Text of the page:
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I doubt if the second and third of these arguments, taken alone, would justify a very serious suspicion of interpolation; but the fact, mentioned under (1), that the play has here been meddled with, trebles their weight. And it gives some weight to the further fact that these passages resemble one another, and differ from the bulk of the other Witch passages, in being iambic in rhythm. (It must, however, be remembered that, supposing Shakespeare did mean to introduce Hecate, he might naturally use a special rhythm for the parts where she appeared.)

The same rhythm appears in a third passage which has been doubted: IV. i. 125-132. But this is not quite on a level with the other two; for (1), though it is possible to suppose the Witches, as well as the Apparitions, to vanish at 124, and Macbeth's speech to run straight on to 133, the cut is not so clean as in the other cases; (2) it is not at all clear that Hecate (the most suspicious element) is supposed to be present. The original stage-direction at 133 is merely 'The Witches Dance, and vanish'; and even if Hecate had been present before, she might have vanished at 43, as Dyce makes her do.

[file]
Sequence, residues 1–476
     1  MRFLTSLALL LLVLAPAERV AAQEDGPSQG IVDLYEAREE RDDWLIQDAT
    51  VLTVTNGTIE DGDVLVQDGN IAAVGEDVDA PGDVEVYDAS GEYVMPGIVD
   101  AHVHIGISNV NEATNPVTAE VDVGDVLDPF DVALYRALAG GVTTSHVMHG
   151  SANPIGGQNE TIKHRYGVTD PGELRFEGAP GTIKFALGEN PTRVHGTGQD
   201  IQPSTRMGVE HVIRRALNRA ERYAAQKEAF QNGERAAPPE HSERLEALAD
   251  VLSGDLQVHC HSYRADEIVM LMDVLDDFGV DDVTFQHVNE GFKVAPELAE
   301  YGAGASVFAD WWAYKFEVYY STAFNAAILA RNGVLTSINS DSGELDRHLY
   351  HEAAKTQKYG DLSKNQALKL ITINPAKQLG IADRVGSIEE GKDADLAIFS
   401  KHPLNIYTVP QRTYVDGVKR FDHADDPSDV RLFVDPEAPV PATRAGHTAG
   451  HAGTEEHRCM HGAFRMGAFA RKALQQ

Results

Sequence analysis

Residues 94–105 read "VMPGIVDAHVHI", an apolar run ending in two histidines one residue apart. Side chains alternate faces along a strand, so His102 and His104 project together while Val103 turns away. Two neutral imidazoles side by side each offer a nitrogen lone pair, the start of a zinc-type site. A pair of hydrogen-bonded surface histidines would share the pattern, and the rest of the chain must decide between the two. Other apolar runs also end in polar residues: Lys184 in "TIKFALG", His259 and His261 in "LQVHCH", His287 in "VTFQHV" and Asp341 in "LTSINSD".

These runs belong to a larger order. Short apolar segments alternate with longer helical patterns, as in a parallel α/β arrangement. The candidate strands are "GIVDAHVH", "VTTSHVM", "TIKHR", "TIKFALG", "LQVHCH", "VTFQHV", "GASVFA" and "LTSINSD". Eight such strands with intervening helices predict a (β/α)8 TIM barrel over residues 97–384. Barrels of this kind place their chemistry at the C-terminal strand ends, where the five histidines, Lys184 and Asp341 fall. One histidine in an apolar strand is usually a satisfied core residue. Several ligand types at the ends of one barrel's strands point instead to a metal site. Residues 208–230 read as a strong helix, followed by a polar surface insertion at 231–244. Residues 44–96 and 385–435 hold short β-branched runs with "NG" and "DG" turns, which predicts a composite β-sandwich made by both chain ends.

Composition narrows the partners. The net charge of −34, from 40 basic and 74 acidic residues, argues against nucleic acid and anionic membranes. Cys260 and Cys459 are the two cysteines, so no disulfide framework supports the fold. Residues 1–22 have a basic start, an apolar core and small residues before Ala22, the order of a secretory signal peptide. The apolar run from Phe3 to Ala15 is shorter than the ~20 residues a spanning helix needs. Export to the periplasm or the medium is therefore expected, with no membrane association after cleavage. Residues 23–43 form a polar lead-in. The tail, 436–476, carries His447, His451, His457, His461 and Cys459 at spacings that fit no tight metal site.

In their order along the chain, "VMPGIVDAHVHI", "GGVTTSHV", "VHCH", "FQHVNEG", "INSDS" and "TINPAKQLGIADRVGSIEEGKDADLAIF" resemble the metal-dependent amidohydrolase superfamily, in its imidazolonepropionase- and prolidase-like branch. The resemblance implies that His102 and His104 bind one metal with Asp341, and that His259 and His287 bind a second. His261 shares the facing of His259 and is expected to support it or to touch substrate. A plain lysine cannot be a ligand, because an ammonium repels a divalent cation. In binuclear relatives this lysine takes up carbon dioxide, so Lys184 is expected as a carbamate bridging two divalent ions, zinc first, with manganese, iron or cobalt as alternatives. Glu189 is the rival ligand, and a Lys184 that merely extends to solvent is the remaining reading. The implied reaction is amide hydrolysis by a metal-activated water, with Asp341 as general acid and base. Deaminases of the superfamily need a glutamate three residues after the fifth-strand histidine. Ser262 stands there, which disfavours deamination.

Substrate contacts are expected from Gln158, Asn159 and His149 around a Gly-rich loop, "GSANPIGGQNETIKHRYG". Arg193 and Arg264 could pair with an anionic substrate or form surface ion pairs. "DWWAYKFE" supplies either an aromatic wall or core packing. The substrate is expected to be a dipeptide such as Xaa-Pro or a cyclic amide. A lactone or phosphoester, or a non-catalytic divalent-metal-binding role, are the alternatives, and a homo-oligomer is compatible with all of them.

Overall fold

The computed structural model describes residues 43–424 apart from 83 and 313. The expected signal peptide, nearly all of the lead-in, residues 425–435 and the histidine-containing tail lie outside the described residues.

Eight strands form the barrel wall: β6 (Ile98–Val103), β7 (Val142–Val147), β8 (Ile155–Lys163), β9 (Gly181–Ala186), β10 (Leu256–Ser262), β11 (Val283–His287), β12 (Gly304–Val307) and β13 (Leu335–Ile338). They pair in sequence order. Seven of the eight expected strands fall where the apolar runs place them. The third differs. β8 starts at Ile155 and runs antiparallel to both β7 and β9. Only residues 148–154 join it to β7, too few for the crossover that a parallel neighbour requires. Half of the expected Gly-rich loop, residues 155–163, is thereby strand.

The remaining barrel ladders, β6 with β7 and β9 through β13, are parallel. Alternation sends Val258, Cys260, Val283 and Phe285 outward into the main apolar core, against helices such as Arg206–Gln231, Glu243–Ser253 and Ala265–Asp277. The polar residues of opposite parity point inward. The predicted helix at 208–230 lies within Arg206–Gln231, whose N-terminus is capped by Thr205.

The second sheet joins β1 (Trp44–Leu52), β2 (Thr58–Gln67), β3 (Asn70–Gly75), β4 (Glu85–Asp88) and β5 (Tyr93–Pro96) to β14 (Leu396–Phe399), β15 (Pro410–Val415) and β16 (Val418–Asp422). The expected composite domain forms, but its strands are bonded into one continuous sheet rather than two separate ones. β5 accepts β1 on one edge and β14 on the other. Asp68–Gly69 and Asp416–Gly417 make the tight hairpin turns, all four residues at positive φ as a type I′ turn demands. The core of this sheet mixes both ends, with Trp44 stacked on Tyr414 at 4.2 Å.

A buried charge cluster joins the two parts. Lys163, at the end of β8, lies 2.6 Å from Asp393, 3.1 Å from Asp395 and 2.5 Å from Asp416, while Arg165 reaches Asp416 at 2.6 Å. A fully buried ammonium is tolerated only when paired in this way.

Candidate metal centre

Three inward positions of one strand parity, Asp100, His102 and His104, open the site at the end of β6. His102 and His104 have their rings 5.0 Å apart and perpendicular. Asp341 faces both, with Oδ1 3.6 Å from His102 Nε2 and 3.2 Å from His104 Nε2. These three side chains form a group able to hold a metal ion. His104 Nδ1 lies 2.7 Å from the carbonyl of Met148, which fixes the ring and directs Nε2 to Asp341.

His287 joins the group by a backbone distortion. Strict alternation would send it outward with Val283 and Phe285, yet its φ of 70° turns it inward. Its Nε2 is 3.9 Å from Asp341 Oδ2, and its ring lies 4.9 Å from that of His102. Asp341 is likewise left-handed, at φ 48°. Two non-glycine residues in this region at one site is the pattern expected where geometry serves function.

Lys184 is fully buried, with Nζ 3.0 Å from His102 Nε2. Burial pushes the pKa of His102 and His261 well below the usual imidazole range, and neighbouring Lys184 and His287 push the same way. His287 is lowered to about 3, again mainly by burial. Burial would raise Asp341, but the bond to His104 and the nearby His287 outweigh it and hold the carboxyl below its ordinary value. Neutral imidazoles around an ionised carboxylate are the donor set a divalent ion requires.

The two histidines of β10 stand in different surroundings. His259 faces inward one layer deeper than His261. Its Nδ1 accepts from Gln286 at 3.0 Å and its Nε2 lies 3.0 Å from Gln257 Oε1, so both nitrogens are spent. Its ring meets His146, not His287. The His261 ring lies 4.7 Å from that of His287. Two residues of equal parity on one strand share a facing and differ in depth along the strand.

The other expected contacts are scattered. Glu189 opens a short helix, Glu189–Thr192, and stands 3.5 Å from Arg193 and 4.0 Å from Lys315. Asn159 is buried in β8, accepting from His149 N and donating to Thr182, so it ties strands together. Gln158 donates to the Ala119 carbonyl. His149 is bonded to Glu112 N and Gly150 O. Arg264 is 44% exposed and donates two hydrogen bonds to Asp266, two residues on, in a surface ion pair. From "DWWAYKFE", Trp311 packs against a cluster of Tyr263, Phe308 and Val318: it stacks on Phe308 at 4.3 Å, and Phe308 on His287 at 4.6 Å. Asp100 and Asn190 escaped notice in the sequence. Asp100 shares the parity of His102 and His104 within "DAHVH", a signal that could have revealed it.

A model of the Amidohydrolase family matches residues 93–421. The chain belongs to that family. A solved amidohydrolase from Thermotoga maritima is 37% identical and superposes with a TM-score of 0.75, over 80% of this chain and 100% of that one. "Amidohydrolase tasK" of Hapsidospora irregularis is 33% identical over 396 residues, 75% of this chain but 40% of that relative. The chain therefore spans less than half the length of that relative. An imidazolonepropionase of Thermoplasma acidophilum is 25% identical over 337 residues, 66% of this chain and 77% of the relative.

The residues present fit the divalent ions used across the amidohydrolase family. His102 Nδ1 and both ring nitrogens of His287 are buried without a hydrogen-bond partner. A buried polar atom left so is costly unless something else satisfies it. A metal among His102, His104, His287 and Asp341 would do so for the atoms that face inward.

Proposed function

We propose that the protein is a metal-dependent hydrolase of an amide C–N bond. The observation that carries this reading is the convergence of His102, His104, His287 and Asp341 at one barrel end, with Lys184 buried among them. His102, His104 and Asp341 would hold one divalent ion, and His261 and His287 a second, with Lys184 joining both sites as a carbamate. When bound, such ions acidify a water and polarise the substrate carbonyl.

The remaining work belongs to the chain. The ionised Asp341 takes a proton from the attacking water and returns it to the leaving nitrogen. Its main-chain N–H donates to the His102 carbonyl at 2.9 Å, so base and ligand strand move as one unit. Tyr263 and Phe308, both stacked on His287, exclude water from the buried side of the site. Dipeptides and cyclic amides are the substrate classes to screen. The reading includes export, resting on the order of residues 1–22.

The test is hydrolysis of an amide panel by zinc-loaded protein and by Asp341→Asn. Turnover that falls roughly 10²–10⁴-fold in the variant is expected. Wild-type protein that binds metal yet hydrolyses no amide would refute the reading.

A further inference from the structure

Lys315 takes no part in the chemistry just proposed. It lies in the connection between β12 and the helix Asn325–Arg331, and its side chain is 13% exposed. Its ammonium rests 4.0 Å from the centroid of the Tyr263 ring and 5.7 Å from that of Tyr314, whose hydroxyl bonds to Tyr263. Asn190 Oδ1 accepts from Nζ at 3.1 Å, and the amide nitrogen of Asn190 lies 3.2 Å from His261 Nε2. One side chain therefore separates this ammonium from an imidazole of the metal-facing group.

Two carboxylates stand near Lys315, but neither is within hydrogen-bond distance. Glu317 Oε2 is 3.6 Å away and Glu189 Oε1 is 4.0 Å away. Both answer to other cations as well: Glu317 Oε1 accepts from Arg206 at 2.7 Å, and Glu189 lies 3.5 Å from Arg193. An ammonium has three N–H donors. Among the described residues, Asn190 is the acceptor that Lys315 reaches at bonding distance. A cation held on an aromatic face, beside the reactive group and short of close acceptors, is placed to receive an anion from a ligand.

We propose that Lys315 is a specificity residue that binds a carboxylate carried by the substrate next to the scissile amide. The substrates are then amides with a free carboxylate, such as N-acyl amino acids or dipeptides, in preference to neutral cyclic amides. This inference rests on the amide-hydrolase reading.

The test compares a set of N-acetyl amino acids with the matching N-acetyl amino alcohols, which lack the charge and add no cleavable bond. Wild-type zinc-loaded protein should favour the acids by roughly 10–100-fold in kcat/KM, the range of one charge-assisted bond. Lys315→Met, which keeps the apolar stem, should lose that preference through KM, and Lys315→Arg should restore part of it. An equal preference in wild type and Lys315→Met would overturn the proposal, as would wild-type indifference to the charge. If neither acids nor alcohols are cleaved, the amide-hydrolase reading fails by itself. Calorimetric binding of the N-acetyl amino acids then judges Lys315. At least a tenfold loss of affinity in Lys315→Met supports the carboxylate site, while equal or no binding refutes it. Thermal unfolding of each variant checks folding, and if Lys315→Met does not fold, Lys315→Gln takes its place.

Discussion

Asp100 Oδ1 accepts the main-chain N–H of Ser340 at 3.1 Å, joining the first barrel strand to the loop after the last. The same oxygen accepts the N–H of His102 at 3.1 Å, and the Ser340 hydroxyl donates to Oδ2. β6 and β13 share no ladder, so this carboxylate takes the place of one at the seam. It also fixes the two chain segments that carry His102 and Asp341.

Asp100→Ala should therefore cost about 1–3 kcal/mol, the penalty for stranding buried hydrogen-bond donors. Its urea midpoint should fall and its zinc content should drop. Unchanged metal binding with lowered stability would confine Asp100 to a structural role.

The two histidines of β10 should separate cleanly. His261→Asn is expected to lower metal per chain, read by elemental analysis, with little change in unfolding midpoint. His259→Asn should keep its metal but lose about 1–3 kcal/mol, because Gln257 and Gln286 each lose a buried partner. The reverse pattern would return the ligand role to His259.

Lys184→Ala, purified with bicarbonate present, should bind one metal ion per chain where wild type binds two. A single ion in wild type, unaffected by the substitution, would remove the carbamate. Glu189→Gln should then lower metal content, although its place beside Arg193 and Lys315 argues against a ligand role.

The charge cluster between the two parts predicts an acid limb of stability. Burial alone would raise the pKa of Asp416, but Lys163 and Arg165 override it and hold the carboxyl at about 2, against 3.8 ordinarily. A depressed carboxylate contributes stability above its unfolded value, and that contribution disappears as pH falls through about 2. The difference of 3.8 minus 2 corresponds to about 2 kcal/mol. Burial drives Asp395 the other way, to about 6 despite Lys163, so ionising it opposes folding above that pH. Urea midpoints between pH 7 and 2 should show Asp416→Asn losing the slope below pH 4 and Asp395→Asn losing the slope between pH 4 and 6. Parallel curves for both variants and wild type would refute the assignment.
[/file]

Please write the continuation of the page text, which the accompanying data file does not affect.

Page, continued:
Macbeth is a very short play, the shortest of all Shakespeare's except the Comedy of Errors. It contains only 1993 lines, while King Lear contains 3298, Othello 3324, and Hamlet 3924. The next shortest of the tragedies is Julius Caesar, which has 2440 lines. (The figures are Mr. Fleay's. I may remark that for our present purpose we want the number of the lines in the first Folio, not those in modern composite texts.)

Is there any reason to think that the play has been shortened? I will briefly consider this question, so far as it can be considered apart from the wider one whether Shakespeare's play was rehandled by Middleton or some one else.

That the play, as we have it, is slightly shorter than the play Shakespeare wrote seems not improbable. (1) We have no Quarto of Macbeth; and generally, where we have a Quarto or